I have a particular dislike of biopics because the vast majority of them use the same damn formula: get an actor to do an extended impression of the subject of the biopic, show the subject going through their well-known ups and downs, cue dramatic music, extra points for accurate costumes and cars. In this style of biopic, there is absolutely no effort made to shape the film to its subject. Instead, the same film is made over and over, and the only thing that changes is the subject matter. Examples of this style are numerous (most biopics, in fact), but off the top of my head I can think of Man on the Moon, Hurricane, Hoffa, Ray, etc., etc.
Conversely, there exists another style of biopic in which the director actually thinks about the subject of the film and makes the film according to that. The film becomes (heaven forbid!) an interpretation of a famous persona, instead of a “this happened, then this happened, and wasn’t Jamie Foxx amazing?” kind of film. Examples of this style are far fewer. Off the top of my head, I can only think of four (but I know there are more): Ed Wood, Abel Gance’s Napoleon, John Ford’s The Young Lincoln, and now The Aviator.
In The Aviator, Scorsese offers us a look at one of the most famous industrialists of the 20th century, the details of whose life are very well known. So instead of presenting a survey of Howard Hughes’ life and accomplishments, he gives us an intricate and complex interpretation of Hughes, his obsessions, and his place within a wider cultural context. And as he does all of that, he also turns every biopic convention on its head and effectively creates a cinematic apparatus which also happens to be a movie.
Film Comment magazine had an article about The Aviator when it first came out, which made some good points. Rather than trying to think of my own ideas, I’ll just throw some of the ideas I picked up in that article. The author (whose name escapes me) pointed out that the action scenes in the film have the opposite effect of action scenes in every other film. The convention of action scenes is to break up the monotony of a narrative, to give the audience thrills and chills, a kind of a carrot on a stick to get them to sit through the quieter moments of a film. However, in The Aviator, the action scenes are moments of respite, of peace, a calm oasis where everything makes sense. In doing this, Scorsese directs the audience to see the world through Hughes’ eyes. Scorsese invites us into his film, to interact with it rather than merely be subjected to a series of spectacles. For Hughes, flying was peace and it was his day-to-day life that was a battle.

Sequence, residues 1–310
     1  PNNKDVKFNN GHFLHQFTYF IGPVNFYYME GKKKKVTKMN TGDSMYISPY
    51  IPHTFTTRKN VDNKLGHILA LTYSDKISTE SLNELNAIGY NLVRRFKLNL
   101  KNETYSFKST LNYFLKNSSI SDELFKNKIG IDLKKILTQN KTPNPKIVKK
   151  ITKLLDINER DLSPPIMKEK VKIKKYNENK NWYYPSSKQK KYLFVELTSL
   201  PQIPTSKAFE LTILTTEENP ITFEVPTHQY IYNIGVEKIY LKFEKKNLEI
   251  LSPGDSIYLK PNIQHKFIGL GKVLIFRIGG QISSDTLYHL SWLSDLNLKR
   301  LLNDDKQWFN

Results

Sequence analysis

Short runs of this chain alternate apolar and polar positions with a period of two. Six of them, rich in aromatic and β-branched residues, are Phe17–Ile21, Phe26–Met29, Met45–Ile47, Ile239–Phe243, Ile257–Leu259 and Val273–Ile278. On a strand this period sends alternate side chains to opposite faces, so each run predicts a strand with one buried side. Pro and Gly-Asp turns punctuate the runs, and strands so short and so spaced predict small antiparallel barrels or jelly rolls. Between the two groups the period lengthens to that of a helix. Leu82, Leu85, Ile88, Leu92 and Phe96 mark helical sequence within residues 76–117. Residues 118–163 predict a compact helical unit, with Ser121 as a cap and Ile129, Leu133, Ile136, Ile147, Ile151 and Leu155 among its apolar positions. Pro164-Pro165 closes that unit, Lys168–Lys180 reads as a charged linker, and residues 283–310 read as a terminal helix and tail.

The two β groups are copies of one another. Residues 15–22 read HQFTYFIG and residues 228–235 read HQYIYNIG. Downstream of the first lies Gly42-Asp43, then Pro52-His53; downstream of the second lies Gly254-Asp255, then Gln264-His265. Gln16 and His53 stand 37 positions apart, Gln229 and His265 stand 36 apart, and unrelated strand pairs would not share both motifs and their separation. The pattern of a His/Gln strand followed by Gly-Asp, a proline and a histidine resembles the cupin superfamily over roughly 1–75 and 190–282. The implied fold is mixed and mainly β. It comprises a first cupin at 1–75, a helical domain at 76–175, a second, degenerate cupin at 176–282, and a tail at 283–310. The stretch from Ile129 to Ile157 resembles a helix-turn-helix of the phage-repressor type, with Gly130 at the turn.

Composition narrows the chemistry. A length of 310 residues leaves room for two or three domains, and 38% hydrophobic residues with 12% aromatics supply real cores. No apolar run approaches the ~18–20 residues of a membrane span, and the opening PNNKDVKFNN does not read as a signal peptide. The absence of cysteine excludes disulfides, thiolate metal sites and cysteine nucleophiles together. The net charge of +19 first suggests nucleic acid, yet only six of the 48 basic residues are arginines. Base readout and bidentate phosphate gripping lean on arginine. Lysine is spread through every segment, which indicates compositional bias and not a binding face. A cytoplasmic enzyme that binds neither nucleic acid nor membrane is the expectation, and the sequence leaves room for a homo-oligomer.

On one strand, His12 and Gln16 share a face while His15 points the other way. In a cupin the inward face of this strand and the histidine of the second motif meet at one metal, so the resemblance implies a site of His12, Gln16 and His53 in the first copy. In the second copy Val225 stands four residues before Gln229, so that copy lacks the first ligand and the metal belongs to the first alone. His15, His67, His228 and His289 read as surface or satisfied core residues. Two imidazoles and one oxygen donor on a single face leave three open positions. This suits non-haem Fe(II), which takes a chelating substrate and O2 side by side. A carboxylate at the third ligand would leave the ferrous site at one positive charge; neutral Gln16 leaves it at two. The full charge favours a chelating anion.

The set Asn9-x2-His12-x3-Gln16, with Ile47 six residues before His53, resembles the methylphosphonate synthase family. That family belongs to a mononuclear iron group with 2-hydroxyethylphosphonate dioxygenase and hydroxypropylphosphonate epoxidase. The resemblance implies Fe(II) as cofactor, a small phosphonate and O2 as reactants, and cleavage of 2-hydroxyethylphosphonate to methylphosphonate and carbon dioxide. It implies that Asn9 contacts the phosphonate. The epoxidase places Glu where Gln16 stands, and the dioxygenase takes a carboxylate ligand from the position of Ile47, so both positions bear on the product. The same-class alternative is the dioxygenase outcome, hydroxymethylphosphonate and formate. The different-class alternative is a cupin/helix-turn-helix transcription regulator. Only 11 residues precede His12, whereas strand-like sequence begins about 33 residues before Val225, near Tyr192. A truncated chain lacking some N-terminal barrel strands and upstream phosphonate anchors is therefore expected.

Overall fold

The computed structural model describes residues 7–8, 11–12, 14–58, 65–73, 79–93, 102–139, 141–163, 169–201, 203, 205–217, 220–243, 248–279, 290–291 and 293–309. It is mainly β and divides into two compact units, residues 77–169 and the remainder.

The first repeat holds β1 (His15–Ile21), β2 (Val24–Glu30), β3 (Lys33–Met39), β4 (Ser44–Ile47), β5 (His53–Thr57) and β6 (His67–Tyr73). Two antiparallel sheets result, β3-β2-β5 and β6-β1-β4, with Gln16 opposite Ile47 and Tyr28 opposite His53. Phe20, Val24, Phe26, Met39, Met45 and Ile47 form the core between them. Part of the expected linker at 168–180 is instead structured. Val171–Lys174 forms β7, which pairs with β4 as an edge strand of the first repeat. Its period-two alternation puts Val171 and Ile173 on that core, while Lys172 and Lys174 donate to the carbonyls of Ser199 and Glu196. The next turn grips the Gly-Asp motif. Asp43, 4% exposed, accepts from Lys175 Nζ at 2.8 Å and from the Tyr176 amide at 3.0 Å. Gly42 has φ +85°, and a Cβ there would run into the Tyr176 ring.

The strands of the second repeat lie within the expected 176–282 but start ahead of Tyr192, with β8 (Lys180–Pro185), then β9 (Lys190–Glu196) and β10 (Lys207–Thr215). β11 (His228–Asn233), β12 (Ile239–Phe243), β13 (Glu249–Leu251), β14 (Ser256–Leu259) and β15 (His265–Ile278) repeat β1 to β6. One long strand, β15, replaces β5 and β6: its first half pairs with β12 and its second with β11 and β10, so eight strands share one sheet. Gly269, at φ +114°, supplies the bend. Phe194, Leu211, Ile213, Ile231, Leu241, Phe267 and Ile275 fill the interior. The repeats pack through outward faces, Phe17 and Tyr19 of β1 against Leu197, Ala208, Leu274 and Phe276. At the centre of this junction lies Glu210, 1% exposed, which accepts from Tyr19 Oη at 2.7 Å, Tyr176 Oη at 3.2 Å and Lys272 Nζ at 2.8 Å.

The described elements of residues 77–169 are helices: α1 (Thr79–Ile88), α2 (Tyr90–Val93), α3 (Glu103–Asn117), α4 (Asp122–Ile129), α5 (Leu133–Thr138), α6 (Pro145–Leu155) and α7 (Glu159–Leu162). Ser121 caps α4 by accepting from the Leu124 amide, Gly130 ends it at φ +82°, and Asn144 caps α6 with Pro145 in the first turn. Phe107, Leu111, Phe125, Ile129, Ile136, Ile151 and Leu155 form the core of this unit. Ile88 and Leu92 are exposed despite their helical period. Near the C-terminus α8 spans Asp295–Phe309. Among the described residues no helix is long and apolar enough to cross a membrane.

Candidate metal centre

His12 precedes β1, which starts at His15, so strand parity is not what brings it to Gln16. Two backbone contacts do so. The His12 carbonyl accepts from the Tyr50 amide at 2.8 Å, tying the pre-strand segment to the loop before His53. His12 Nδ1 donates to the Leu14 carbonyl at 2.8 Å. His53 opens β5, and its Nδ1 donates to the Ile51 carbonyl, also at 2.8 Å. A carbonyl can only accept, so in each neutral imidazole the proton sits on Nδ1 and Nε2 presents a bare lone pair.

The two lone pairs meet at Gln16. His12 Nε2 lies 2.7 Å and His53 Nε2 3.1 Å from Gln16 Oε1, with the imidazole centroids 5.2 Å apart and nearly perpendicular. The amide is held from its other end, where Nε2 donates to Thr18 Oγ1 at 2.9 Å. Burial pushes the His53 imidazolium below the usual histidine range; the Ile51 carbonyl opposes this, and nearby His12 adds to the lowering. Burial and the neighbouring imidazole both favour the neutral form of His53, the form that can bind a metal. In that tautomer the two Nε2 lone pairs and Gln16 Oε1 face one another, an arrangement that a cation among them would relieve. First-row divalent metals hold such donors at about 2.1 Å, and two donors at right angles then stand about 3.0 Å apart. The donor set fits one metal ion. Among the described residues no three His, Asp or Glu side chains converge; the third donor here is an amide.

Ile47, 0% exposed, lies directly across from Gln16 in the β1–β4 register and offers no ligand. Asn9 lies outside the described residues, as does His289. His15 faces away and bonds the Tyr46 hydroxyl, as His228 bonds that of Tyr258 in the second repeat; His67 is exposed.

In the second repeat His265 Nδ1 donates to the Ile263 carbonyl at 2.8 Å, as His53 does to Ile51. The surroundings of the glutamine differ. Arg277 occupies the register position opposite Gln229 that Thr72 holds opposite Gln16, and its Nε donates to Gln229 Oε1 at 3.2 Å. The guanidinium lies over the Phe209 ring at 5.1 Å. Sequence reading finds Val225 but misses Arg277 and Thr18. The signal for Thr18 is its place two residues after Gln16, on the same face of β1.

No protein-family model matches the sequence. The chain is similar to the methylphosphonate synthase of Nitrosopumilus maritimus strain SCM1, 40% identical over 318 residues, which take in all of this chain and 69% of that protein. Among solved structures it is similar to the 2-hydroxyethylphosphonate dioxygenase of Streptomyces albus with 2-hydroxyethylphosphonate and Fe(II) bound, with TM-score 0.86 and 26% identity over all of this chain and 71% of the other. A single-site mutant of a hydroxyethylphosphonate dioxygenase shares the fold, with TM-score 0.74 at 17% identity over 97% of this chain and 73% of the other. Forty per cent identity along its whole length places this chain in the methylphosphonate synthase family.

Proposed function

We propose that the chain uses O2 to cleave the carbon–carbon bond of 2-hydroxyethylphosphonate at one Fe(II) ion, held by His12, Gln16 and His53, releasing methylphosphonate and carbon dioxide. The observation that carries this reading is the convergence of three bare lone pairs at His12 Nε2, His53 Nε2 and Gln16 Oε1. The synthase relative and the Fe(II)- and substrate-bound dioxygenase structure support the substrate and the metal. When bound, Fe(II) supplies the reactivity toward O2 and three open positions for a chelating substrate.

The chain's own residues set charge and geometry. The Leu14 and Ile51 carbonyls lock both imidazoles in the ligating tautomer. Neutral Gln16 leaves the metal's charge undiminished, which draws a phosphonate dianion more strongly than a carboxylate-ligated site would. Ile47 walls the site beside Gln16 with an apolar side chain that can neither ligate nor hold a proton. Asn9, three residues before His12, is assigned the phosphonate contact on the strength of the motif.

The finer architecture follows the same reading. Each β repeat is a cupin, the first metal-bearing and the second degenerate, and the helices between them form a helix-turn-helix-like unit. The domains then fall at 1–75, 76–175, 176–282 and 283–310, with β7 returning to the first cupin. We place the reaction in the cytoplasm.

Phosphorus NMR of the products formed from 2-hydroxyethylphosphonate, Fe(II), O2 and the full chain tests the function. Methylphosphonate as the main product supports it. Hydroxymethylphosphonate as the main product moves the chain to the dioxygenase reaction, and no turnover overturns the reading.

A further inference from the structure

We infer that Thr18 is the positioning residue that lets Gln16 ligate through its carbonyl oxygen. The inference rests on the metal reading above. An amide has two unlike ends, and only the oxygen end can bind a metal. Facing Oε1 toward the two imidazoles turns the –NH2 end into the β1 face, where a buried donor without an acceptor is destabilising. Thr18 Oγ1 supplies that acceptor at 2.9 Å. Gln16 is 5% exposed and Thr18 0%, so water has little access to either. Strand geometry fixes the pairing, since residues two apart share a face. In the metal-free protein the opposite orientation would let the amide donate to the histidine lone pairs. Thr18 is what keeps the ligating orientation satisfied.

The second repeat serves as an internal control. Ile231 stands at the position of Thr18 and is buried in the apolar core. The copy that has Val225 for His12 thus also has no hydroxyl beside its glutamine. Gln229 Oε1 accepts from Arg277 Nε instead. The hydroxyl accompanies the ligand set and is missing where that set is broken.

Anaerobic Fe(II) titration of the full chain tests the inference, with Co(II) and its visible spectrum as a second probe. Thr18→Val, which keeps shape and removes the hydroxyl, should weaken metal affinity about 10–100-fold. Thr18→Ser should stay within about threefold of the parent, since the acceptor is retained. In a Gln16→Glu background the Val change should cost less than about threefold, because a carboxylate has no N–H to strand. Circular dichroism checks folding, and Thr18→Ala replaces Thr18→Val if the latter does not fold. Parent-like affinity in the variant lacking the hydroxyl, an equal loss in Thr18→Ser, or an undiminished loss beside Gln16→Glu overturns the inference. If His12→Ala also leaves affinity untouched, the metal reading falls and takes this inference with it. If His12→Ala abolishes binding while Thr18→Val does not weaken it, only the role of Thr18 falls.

Scorsese effectively aligns the perspective of the audience with that of Hughes throughout the film, a move which signals a more difficult and participatory spectatorship. Hughes’ neuroses become ours. As Film Comment pointed out, we are treated to a film that simultaneously shows us the world through Hughes’ eyes, and how the world viewed Hughes. No small feat, to be sure. Especially for a Hollywood biopic.
Earlier, I mentioned that Scorsese had created a cinematic apparatus. What I meant by that was how Scorsese created a film which is a machine. Hughes was in love with machines, be they planes or film cameras with which he created his movies. And The Aviator acts as a cinematic machine; it’s an almost modernist symphony of gears, rivets, engines, propellers, and projectors. Throughout the film, we see the mechanics of not only aerodynamics, but also of cinema itself. The film becomes what Hughes devoted himself to. The film acts as a machine whose function is to define, interpret, process, and examine Howard Hughes. At no point does Scorsese try to hide his hand in the matter, this is not escapism. This is an active viewing experience which is very much defined as a most cinematic film. Not because of its countless references to old Hollywood, or to its seemingly nostalgic feel, but because it is pure cinema, it is a cinematic apparatus, and it’s Scorsese’s best film in years.